Which Serverless should I choose?
FaaS (Function as a Service) or Containers?
Krish is a bachelor and his food needs are simple. When he feels like eating, he checks into the nearest fast food joint & grabs something fast. He is aware that the choices are limited and he may have to wait longer occasionally, but this option works for him, given the money and the time he wants to spend on food.
Ram is a family man. He loves treating his family with gourmet meals. He plans the choice of the restaurant carefully & books the table in advance. He is spoilt for choices when it comes to the type of food & he exploits this well. He knows he has to plan meticulously, but he must do everything to ensure that his family savours the meal.
Wait a minute… Why am I talking about food preferences in a technology article?
FaaS (Function as a Service) offerings are like Fast Food.
You can deploy them fast.
You can tweak some deployment parameters (such as memory etc.) but overall have limited choices when it comes to controlling the deployment environment.
They can turn out to be very cheap, provided you can compromise on certain factors (such as cold start lags, overall time limit for the function to complete etc.)
Container offerings (Kubernetes in particular) are like gourmet meal.
You can tweak the deployment parameters in-depth but you have to spend time in doing so.
You may still be concerned about cost, but scalability & availability are what you are most concerned with.
When you have to make an architecture choice like the above, how do you do it?
You can employ the following strategy:
- Choose the parameters that must be satisfied no matter what. These are your satisficing metrics.
- Choose the parameters that are good to have. These are your optimizing metrics
- Evaluate the architecture choice(s) first against your must-have (satisficing) metrics and pick the choices that adhere.
- Once you have identified the first set, you may apply your good-to-have (optimizing) metrics and finalize your choice.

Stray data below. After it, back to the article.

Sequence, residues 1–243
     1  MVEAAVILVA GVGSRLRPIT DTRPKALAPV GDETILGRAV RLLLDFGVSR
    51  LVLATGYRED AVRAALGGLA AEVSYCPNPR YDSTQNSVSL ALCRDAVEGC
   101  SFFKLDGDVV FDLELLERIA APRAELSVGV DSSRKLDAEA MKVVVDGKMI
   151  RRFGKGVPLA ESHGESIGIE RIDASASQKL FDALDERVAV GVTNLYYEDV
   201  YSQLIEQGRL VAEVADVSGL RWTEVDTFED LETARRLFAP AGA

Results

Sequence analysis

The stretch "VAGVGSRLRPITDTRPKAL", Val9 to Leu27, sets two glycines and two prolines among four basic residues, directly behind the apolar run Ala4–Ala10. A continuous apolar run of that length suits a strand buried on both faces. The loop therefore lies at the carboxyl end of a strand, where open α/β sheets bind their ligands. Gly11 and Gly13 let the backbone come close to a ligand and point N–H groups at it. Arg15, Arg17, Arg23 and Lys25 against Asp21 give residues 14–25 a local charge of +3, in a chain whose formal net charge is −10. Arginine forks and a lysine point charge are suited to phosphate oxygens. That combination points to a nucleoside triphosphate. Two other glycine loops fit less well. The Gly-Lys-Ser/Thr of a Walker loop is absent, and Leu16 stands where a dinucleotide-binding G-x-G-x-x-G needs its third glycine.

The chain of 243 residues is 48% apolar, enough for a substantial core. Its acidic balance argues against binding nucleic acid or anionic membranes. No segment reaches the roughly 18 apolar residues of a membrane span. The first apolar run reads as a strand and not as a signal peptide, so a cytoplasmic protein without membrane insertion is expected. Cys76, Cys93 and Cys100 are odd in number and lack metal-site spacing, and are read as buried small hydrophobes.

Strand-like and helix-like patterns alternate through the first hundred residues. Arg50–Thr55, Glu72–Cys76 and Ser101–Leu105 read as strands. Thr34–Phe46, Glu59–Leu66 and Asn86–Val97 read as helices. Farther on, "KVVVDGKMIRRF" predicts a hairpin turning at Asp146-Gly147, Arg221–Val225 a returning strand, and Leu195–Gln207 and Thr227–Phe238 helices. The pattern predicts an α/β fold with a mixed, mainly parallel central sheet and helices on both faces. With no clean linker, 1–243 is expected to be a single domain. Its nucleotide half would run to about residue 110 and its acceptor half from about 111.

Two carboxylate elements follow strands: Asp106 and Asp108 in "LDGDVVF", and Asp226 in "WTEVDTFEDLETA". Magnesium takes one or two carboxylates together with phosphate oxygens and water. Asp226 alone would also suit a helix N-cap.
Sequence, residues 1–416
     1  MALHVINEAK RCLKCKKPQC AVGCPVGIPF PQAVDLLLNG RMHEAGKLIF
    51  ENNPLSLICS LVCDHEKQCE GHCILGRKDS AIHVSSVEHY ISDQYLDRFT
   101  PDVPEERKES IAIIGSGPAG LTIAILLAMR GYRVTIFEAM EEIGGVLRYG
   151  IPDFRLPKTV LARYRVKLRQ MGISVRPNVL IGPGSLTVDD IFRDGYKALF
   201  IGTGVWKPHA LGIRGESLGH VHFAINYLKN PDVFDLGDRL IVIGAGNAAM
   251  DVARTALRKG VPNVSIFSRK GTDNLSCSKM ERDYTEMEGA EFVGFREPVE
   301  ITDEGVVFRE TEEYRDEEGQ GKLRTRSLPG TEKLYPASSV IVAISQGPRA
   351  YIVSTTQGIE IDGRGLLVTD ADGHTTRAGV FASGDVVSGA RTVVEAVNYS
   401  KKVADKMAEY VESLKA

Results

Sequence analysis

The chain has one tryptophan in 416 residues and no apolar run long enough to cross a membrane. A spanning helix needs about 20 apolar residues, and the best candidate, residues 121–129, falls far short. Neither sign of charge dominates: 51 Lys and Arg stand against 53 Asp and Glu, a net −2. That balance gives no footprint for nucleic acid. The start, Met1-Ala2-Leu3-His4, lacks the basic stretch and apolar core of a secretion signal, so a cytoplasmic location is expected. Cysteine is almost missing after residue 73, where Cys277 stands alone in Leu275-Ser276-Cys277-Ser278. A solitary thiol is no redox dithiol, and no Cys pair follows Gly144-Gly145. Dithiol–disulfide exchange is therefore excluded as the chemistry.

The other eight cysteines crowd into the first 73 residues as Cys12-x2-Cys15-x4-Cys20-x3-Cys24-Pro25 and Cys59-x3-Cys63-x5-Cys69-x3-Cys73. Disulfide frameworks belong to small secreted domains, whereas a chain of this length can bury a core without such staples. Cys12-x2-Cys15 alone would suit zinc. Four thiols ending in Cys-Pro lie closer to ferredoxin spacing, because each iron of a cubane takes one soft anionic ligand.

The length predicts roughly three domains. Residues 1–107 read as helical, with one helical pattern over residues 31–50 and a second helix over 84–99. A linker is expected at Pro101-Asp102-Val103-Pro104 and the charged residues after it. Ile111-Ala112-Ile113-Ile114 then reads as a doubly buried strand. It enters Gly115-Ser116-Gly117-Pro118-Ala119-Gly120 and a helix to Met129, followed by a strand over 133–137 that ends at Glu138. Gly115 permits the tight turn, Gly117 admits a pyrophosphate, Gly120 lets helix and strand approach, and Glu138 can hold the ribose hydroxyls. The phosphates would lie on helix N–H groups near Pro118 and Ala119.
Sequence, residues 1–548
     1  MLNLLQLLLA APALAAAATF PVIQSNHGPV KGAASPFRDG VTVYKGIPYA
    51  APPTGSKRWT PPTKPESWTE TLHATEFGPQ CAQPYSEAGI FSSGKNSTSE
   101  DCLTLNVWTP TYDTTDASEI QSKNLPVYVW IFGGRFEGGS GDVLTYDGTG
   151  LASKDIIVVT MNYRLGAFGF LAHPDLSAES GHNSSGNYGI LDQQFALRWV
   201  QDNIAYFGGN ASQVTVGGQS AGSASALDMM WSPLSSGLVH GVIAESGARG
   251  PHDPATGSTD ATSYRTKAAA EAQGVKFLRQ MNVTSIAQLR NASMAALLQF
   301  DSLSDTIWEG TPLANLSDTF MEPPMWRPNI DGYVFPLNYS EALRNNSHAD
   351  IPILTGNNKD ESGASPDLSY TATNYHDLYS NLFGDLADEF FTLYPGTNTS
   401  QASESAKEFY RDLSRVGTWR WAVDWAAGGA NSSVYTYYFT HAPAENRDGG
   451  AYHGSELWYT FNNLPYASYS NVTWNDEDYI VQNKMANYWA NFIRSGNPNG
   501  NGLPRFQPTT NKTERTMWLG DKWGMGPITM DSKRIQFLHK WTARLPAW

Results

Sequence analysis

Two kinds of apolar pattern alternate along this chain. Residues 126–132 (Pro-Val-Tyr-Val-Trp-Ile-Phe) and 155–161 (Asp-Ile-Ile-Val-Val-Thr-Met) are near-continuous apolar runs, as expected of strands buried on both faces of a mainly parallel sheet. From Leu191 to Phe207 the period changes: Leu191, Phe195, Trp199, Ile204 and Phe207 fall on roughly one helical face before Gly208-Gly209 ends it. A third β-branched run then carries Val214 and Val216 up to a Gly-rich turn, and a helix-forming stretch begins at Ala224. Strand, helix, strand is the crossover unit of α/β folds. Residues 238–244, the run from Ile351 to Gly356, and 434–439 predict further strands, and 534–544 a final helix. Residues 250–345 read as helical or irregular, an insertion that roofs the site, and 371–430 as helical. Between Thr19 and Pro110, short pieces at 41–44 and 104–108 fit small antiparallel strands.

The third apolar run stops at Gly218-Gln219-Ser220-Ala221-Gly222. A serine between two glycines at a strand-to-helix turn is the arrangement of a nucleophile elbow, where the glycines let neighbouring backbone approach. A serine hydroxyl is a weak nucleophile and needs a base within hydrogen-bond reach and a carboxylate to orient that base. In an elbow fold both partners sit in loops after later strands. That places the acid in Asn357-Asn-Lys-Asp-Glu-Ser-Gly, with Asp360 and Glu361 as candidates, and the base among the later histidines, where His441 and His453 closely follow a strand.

Let us look some scenarios & see which serverless choice is suitable for each of these scenarios.
My service is a background job that creates a thumbnail out of an image which DOES NOT require sub-milliseconds response time; and it is NOT heavy on database. But I must get charged only when it runs.
The satisficing metric in this scenario is the total cost. There are no stringent requirements on the response time.
So, FaaS is the recommended choice here.
My service is a critical API service that provides clearing calendar functions. It is used by more than 10 other microservices synchronously and hence response time is of utmost importance to me.
The satisficing metric in this scenario is the response time. There are no stringent requirements on the cost.
So, Containers (Kubernetes) is the recommended choice here.
My service is a lightweight background service but must connect to a VPN tunnel & get some data from another service through sockets.
The satisficing metric in this scenario is the deployment flexibility.
So, Containers (Kubernetes) is the recommended choice here. You can bake in the VPN install & the connect into the container blueprint to solve this requirement.
My service is a critical long running Day End job that crunches numbers and is super heavy on the database.
The satisficing metric in this scenario is the processing capability and overall timing requirements.
So, Containers (Kubernetes) is the recommended choice here. You may want to employ parallelism & spin multiple containers to finish the overall batch fast (i.e. divide and conquer).
FaaS vs. Containers is NOT a zero-sum game. Each of these architecture have a niche & solve specific use cases.
As a thumb-rule, if you are deploying something small & light-weight, and are sure that your function completes before the maximum timeout, you can happily choose FaaS. Pickup your fast food and consume!
If you have specific stringent requirements, be it on the deployment side, or on the scalability & availability, go for Containers. Be sure that you understand the ingredients before you cook your gourmet meal!
Hope you enjoyed this article! Please do leave your thoughts or comments!
UPDATE (11th Apr 2019):
Ever since I published this post, there has been a lot of interesting developments on the container side. Significantly, Google has released a new product Google Cloud Run. As per Google’s documentation,
“Cloud Run is a managed compute platform that enables you to run stateless containers that are invocable via HTTP requests. Cloud Run is serverless: it abstracts away all infrastructure management, so you can focus on what matters most — building great applications. It is built from Knative, letting you choose to run your containers either fully managed with Cloud Run, or in your Google Kubernetes Engine cluster with Cloud Run on GKE.”
So, it looks like you can finally have the cake and eat it too!